Plants perform a wonder that has attracted the admiration of scholars from ancient Egypt, Greece and Rome to modern times: the ability to reproduce mathematically perfect patterns. This ability, called phyllotaxis, can be described mathematically with the Fibonacci Series and the Golden Angle. The beautiful spirals in sunflowers, artichokes, cacti, dandelion heads and other plants continue to fascinate children and adults today, but those are not the only examples. Leaves on a stem can emerge in phyllotactic patterns like a spiral staircase, and depending on the environment, plants can switch patterns at different stages in development.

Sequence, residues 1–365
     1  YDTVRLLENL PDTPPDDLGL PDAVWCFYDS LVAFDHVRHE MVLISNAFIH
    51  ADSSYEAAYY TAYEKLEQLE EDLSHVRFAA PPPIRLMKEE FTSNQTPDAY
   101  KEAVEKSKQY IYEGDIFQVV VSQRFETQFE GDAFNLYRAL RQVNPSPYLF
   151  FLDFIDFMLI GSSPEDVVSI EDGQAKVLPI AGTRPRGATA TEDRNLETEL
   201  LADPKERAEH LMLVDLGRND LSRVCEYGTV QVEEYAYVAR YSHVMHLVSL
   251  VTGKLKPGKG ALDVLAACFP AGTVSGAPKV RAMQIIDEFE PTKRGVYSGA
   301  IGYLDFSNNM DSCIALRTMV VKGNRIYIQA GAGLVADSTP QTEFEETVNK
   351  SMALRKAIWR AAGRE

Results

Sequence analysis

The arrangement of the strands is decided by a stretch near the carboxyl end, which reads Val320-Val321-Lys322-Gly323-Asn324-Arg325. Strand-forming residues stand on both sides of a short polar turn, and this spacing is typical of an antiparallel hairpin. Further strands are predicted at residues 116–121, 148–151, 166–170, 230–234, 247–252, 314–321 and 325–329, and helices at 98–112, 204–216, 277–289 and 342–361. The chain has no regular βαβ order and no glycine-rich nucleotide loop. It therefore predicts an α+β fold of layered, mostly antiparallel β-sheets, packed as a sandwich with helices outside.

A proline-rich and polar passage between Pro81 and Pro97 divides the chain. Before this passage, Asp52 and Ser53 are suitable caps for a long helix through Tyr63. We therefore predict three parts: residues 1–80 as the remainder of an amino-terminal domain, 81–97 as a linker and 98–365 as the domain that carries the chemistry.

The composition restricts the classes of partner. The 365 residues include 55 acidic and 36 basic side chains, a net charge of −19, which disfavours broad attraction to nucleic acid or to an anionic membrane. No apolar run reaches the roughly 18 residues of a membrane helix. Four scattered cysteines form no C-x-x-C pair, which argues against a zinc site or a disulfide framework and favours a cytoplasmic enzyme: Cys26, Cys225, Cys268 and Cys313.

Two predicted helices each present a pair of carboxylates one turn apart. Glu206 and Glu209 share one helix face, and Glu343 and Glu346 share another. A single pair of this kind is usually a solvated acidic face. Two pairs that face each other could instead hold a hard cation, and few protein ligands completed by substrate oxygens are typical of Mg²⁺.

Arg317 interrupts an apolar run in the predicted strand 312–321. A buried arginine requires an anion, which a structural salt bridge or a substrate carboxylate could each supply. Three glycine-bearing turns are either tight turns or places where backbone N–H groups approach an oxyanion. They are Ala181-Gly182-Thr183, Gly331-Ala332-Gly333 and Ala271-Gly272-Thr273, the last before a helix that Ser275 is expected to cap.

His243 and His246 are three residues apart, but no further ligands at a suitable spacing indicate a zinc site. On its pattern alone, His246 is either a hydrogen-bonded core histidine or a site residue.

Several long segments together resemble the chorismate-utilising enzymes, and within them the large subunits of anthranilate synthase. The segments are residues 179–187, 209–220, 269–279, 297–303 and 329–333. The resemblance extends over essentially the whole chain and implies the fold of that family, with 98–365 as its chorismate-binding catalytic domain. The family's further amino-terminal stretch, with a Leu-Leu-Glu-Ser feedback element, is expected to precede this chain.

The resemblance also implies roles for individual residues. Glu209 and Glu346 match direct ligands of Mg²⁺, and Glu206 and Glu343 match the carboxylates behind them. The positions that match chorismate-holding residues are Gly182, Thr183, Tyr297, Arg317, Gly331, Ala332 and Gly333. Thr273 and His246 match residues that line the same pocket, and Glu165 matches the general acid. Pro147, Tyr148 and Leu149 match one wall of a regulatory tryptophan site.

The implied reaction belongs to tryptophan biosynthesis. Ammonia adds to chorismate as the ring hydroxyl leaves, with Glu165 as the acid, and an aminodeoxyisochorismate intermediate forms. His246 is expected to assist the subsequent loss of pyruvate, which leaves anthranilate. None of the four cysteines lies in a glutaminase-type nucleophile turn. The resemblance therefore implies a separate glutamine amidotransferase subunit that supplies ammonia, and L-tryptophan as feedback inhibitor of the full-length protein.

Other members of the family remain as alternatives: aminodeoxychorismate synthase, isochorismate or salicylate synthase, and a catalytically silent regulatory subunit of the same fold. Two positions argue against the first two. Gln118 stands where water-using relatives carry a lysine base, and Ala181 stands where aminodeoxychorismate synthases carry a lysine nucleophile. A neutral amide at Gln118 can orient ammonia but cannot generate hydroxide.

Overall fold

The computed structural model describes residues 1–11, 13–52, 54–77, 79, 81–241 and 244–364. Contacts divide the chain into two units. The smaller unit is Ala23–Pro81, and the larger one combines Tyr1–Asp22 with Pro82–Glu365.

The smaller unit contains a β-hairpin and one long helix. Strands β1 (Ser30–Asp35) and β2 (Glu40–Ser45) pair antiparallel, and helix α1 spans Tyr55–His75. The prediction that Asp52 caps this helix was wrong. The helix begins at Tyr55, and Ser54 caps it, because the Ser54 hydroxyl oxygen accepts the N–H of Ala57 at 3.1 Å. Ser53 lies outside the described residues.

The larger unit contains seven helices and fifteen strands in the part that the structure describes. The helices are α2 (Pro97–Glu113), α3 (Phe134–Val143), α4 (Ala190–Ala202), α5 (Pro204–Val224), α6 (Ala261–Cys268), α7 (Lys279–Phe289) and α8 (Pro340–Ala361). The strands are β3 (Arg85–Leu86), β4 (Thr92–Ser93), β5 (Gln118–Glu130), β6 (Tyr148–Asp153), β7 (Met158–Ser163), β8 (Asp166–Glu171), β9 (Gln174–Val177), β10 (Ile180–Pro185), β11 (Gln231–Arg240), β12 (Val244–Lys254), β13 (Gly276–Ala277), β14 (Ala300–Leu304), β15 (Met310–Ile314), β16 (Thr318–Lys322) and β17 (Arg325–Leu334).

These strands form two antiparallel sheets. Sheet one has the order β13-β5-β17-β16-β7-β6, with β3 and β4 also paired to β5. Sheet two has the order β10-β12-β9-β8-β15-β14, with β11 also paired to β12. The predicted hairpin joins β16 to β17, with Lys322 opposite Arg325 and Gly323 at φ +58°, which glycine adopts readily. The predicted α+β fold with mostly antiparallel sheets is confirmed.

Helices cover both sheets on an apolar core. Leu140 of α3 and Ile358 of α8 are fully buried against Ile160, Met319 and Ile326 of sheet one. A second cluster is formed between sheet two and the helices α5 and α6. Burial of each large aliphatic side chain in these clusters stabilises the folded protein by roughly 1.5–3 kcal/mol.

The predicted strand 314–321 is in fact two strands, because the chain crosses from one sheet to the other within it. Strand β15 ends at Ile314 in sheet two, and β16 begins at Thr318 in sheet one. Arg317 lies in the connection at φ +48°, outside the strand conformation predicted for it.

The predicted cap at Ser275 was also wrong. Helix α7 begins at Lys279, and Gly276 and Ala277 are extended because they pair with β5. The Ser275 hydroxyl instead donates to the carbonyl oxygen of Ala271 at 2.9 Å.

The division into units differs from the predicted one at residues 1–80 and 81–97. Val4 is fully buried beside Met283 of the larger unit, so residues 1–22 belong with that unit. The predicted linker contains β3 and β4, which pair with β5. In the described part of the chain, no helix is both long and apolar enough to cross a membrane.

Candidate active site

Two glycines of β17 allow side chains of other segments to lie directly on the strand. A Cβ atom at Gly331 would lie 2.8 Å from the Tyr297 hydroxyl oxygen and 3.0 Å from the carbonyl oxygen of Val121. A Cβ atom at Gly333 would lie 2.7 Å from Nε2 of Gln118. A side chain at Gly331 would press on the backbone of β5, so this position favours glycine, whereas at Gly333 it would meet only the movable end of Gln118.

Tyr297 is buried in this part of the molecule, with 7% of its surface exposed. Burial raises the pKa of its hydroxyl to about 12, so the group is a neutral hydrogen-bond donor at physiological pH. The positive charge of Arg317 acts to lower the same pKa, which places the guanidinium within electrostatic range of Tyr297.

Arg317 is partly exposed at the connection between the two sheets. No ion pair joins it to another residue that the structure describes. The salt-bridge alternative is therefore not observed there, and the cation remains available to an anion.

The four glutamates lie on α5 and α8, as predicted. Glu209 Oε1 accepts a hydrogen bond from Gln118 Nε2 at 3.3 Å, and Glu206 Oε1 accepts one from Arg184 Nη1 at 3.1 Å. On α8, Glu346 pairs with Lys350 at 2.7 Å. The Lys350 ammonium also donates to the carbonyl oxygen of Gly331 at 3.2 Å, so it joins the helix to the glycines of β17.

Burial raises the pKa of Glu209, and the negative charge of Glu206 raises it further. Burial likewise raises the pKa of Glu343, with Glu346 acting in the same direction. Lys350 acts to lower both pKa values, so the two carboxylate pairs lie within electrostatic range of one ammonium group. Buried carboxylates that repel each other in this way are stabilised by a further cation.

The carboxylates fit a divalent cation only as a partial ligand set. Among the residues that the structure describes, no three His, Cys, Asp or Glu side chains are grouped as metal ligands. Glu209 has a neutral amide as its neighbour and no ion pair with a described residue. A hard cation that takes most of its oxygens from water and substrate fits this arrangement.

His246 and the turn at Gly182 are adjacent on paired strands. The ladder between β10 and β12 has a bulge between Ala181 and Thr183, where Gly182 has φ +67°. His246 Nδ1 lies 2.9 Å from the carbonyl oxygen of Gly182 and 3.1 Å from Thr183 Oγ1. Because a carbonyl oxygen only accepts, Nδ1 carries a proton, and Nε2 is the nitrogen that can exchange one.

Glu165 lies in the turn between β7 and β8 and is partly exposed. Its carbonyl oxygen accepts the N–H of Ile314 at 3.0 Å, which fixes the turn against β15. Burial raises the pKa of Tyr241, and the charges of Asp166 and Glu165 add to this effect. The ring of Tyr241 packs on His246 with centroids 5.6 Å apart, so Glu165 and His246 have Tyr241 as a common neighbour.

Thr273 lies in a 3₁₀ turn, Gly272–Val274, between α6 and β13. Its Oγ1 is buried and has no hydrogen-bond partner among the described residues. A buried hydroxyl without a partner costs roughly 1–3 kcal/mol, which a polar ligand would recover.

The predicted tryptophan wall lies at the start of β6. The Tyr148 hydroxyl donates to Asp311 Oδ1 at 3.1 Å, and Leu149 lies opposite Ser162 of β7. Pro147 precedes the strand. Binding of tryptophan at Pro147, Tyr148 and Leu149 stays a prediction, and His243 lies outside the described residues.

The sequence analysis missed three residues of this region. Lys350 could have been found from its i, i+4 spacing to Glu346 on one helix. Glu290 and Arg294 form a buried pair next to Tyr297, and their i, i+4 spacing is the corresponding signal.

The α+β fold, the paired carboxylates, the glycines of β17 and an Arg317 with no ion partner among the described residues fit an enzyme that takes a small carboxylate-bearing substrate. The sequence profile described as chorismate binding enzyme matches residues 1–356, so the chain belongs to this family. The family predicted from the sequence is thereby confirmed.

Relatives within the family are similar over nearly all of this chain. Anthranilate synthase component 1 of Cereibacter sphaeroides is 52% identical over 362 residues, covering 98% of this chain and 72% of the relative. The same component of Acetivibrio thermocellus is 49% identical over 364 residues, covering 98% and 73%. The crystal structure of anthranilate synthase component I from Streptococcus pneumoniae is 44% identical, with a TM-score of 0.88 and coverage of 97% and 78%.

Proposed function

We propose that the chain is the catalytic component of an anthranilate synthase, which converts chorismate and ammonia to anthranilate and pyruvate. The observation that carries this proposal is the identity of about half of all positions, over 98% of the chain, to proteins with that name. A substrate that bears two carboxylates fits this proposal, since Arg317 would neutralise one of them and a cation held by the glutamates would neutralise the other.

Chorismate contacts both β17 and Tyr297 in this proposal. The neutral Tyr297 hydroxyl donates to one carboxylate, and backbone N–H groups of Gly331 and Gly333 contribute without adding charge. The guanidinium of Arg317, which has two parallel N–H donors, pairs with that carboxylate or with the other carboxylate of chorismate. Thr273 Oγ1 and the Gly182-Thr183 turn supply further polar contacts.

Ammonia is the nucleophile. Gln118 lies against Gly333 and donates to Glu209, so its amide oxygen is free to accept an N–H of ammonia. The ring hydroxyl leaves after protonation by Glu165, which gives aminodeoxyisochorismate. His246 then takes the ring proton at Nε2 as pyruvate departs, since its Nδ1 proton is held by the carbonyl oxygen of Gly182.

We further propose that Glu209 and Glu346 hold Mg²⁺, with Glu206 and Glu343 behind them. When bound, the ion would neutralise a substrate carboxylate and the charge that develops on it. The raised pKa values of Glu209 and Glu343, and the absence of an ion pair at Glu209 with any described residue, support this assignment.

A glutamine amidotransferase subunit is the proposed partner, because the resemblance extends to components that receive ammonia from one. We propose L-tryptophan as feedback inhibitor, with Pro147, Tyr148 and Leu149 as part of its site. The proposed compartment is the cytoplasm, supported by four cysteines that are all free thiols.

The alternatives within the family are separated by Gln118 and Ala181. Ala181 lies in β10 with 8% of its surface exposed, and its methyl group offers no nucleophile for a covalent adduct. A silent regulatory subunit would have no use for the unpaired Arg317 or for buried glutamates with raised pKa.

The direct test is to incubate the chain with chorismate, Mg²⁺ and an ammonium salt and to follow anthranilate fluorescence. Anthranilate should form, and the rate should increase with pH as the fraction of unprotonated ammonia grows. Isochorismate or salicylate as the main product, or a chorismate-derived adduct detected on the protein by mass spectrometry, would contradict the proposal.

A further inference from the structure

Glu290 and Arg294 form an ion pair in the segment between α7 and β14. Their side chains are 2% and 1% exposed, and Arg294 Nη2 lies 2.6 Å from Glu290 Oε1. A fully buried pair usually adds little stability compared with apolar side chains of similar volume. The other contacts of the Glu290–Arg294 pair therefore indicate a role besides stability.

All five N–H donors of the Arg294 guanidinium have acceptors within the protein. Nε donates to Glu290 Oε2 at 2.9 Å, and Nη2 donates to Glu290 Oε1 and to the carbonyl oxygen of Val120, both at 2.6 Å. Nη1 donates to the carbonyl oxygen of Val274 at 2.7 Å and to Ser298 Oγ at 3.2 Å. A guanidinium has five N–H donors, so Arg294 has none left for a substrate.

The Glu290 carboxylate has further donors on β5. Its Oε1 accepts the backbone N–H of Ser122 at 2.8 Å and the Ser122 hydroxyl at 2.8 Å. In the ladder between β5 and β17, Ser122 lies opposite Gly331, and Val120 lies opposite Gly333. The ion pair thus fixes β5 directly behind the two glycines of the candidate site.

In Current Biology, French biologists Jean-Christophe Palauqui and Patrick Laufs recounted some of the theories that have tried to explain phyllotaxis. More.
Plants have a built-in mechanism for arranging themselves, based on math, so what does that tell you? That math is a human construct?